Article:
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  4. I forgot. The Pandora thing came from outer space. The science is settled, and I was being a flat-Earther!

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  5. 100 million species? Seems to be a bit too many. Can we exterminate a few for the sake of simplicity?

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  6. This sounds like a story I read one time called "The Jesus Virus." A virus comes from Mars and makes people want to give blood, thereby spreading itself. People start believing the impulse to give blood means that they're benevolent so they start behaving, like a self-fulfilling prophecy, hence the name of the story. Once the virus has spread to humanity it lowers our resistance to a second virus from Mars which comes to Earth, wipes out humanity and eats our kittens.

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  7. DNA is so radically complex that chances are it would not originate more than once during the history of the Universe. Any extra-terrestrial life form would probably just be a recoding of the same basic structure.

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  8. You used the term 'French humans'. hasn't that been proven an oxymoron?

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  9. We need to keep an eye on these scientists. Since they are French, it is only a matter of time before they try to make cheese out of this new virus.

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  10. I think they named it pandoravirus in honor of the world of Avatar which, as we all know, is just Pocahontas Reloaded

    ( http://img31.imageshack.us/img31/3867/poca2u.jpg )

    I think this means the virus came from Disney Studios.

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  11. I'm of the Uninformed Opinion [seeing as how I was not there, while they were 'discovering' this virus]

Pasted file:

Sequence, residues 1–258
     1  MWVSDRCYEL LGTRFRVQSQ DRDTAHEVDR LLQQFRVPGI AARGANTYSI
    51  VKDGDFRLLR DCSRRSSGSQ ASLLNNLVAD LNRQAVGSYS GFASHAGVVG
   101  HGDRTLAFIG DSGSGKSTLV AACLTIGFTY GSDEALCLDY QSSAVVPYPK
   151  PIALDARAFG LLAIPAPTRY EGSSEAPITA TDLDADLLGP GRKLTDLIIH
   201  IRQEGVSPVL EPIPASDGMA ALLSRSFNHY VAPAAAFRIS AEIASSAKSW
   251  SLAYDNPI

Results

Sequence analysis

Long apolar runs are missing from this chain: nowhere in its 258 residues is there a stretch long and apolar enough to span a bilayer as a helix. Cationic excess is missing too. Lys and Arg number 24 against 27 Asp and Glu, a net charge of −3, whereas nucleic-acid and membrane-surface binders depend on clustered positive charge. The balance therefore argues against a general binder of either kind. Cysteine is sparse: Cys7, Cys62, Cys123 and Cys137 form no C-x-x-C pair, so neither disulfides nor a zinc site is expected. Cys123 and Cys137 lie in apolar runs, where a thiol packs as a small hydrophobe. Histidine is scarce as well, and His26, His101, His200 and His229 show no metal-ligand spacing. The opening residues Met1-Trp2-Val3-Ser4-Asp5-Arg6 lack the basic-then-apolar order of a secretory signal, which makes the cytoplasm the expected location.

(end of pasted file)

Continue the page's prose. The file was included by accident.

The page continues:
that not-unlike many Grade B science-fiction stories, the virus has taken over their bodies and minds,

    and it's 'just playing' with us.

    Seeing what-is and is-not possible. Unfortunately, It picked French People to use as test-subjects.

    This narrows the impact of their experiment by geometric proportions, but how were they to know?

    We all look alike to them, more than likely. Like a crowd at A Korean Airport would look to me.

    I suggest Icelanders or Swedes. The girls are much better-looking and less-hairy, besides.

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  12. Dig that zero-gravity hair style! Tres chic!

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  13. Virus from Mars eh? I guess it's time to break out the Slim Whitman music.

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  14. Women Are From Venus, Viruses Are From Mars.

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  15. As a Whovian, a water soluble viruses from Mars makes me nerous.

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  16. Everyone knows the French government created the Pandoraviruse as a means of genocide against African Frenchmen!

    ...that's what they're called there...right?

    ReplyDelete